Off to the Seaside

By | Category: Travel rumblings

Amroth Beach, Pembrokeshire (image copyright and courtesy Pembrokeshire Tourism Industry)

Amroth Beach, Pembrokeshire (image copyright and courtesy Pembrokeshire Tourism Industry)

Yesterday’s exit by England from the World Cup in South Africa prompted a lot of online searching for holidays. Although the match didn’t finish till late afternoon, internet bookings quickly rose, in some cases by 40% over the Sunday before.
But will you decide to stay and holiday at home or will you head for overseas? Given the weather over the last week, staying at home seems appealing.
Making a decision coincides with a report that has come from Sheffield Hallam University about our seaside towns. The report, widely trumpeted on the BBC this morning and in national and local newspapers, points out how important tourism is to coastal towns. Skipping over what seems to be the obvious, the exact value is surprising. Blackpool, for example has 19,000 jobs in tourism, Torbay has 9,000 and Tenby has 2,600. Tendring Council, which includes Clacton and Harwich in its area, says tourism generates £276 million a year for the local economy and it directly employs 13% of the population. Great Yarmouth puts the estimate at £480 million.
For years people have been saying the seaside holiday is in decline. In some years it is. In others where good weather appears or the euro/dollar makes it expensive to go abroad, holidaying in the UK makes sense. But UK providers need to be aware of something else. The offers that we get from other countries such as all-inclusive breaks, packaged accommodation and transport are still things that are unusual in the UK. Just as the concept of Center Parcs providing all weather facilities changed the idea of the traditional chalet/holiday camp breaks so seaside areas have to work harder to make us to want to visit them. Acres of sand and clean beaches and water helps but it won’t be the be all end all. This report from Sheffield Hallam provides hard-nosed research that we still like and go to the seaside. It also shows how important it is contrary to the Lib Dem MP for Torbay, Adrian Sanders, who is quoted as saying to his local newspaper that the report bears no relation to the real economy. Tell that to the local tourist bodies or would he prefer we stay away from Torquay, Paignton and Brixham? Tourism is more important than the pharmaceutical industry or the car industry to the economy.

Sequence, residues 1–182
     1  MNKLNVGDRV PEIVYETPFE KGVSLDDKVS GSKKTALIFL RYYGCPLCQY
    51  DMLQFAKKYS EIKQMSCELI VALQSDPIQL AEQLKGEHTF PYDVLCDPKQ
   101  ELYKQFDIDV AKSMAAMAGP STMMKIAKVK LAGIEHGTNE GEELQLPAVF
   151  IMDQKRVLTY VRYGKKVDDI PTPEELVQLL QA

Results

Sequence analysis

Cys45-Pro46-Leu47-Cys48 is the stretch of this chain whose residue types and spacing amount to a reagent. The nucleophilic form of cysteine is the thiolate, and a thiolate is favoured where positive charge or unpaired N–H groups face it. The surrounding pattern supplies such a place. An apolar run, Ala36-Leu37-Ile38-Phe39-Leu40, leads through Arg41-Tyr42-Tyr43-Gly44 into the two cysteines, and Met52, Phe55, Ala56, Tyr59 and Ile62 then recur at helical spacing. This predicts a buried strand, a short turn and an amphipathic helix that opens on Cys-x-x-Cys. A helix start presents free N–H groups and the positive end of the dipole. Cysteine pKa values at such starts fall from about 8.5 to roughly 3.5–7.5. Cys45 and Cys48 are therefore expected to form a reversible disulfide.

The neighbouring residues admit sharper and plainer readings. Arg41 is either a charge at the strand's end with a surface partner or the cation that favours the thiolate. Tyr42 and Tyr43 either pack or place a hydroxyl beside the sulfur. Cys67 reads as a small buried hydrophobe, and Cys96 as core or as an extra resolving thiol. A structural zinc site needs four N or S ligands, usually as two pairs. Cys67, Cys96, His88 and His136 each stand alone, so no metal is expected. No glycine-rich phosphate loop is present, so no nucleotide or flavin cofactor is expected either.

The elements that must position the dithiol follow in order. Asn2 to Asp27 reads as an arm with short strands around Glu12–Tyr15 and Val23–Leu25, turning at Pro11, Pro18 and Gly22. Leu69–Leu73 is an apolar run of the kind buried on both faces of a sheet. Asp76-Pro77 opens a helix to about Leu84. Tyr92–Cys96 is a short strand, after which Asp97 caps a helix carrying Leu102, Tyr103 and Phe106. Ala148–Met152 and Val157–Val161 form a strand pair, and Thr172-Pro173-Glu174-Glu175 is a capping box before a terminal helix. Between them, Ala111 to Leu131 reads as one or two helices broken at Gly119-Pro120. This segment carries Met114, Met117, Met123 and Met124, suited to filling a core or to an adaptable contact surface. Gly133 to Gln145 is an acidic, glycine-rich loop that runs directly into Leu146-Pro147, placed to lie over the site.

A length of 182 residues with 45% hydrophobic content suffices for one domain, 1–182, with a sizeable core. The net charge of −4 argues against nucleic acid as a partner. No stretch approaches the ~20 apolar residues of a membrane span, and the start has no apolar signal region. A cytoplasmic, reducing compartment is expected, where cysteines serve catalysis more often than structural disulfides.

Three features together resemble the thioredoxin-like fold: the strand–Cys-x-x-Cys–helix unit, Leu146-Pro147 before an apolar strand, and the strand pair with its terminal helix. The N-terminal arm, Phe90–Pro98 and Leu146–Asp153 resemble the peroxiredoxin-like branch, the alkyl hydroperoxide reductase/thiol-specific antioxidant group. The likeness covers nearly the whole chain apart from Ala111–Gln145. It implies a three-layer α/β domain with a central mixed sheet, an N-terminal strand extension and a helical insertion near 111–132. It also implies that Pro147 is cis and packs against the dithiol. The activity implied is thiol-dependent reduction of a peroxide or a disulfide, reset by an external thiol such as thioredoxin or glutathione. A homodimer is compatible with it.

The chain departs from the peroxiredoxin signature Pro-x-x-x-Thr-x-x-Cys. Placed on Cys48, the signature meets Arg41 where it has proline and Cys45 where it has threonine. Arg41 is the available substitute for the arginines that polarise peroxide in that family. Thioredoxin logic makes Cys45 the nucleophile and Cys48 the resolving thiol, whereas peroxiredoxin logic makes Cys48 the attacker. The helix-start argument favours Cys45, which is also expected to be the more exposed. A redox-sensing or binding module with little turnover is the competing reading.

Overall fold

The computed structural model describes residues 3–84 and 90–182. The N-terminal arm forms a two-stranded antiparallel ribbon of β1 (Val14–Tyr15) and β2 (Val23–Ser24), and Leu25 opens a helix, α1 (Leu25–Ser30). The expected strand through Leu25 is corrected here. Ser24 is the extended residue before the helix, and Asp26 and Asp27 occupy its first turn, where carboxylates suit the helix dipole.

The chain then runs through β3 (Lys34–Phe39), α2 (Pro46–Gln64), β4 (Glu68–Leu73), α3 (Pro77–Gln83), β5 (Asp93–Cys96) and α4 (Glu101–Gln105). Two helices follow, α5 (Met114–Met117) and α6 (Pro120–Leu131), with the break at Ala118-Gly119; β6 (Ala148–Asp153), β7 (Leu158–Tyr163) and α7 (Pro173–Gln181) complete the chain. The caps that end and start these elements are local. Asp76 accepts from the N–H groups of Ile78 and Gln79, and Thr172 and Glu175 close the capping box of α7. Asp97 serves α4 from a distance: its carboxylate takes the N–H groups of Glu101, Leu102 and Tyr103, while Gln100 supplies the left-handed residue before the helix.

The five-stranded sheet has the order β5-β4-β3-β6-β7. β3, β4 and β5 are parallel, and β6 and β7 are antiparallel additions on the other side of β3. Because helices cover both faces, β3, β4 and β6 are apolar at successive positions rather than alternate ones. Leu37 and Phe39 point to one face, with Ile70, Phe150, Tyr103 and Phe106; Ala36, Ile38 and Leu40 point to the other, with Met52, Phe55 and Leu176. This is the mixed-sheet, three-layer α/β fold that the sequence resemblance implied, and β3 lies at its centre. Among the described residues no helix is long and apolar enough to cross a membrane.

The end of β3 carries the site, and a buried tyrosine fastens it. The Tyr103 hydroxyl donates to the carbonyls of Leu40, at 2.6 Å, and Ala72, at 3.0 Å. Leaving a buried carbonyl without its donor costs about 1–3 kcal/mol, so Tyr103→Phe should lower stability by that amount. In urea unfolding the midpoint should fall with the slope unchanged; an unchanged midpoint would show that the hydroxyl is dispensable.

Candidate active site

Overall, domestic tourism is worth an estimated £14 billion and a quarter of that is due to the attractions of the seaside. Your decision on whether to stay or go abroad is important. It is a case where you make a difference.

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